Why you don't diversify when you should
An explanation for why investors don't diversify like they should.
The other day, an associate asked me, "Why don't investors diversify when virtually every investment professional on the planet says they should?"
"I haven't a clue," I said.
Those who know me are probably in shock right now. You see, I've got an answer for everything. Not that I always know what I'm talking about; I just act as if I do. I know, it's a gift.
My wife, who is much smarter than I am, actually knows about a lot of the stuff that I so callously pull out of my ass. It drives her crazy.
Maybe that's why I do it.
Anyway, I got to thinking, why stop there? I mean, why just diversify your investments? Life is risky business. Why not diversify everything? I mean, if you have just one job, the company might go under or you might get fired. Become a consultant, like me, and work for lots of companies. Problem solved.
Have a bunch of kids. If one turns out to be an a-hole or a druggy, just write him off. There's plenty more where he came from.
Cat got hit by a car? No problem, you've got three more to rub up against you and purr.
Instead of remodeling your home, get a second one, just in case the first one burns down or your wife kicks you out.
All your PCs run on Microsoft operating systems? You're just asking for trouble.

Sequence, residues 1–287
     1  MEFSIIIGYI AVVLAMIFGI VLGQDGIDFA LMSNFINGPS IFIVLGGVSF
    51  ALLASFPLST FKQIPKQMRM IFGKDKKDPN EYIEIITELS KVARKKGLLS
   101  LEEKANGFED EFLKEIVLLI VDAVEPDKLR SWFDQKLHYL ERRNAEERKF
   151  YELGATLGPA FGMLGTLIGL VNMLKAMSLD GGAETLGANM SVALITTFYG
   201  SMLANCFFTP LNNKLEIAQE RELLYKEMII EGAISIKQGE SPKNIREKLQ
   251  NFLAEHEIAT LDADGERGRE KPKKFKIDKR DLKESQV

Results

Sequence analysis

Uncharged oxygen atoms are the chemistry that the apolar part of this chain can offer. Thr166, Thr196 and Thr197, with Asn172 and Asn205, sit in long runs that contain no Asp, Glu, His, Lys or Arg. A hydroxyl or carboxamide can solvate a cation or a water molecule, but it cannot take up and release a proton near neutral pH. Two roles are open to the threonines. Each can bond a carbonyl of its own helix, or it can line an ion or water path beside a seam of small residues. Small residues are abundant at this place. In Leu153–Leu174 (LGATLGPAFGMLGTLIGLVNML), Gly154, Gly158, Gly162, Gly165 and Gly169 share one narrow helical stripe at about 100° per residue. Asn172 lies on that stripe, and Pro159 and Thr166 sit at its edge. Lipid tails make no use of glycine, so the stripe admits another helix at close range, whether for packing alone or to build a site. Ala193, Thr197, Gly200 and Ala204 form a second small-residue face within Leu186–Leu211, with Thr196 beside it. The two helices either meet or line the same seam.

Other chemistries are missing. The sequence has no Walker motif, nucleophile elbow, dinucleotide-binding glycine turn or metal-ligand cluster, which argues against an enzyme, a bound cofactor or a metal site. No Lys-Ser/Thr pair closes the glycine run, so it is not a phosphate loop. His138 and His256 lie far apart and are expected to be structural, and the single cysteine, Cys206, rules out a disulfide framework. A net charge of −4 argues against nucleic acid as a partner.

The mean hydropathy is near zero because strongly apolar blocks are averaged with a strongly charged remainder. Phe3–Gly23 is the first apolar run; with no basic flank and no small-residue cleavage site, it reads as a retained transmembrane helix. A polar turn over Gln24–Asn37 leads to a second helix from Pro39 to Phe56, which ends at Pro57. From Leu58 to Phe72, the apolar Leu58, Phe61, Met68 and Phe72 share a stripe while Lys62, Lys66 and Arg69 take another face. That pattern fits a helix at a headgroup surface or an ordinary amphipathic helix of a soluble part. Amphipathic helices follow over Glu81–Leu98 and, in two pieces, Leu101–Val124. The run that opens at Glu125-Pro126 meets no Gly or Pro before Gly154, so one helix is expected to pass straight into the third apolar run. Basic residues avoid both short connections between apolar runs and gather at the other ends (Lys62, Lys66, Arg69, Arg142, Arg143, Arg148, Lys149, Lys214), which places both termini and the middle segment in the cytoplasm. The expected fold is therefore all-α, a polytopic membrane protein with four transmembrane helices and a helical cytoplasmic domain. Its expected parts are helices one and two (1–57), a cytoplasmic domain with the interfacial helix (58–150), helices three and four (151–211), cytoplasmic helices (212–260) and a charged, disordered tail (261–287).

Develop multiple personalities. That way, if you go nuts, you can just slide right into a sane personality. Then you can bring the crazy one out whenever your in-laws are in town, or when that jerk at the office yanks your chain.
Too bad we live in a monogamous society, right?
Just when this mental exercise was getting good, that's when the light bulb went on.
All that diversification introduces complexity. And humans don't like complexity. We're organisms. You know what organisms do? They organize. Our cells have boundaries. People only come in ones, for the most part. We even organize our companies into organizations.
Too much diversification and you have chaos, which organisms hate. We are creatures of habit. We're also creatures of few, rather than many. We like few. Many is a pain; it's a lot of work and organisms don't like that.
We don't diversify as much as we should because it's easier for us not to, the path of least resistance.
So, when your CEO robs the company blind and gets caught, rendering your stock and your nest egg worthless, don't freak. Just get in your car, drive home, kiss your wife, and hug your kids. They're the only ones you've got. And that's just the way it should be.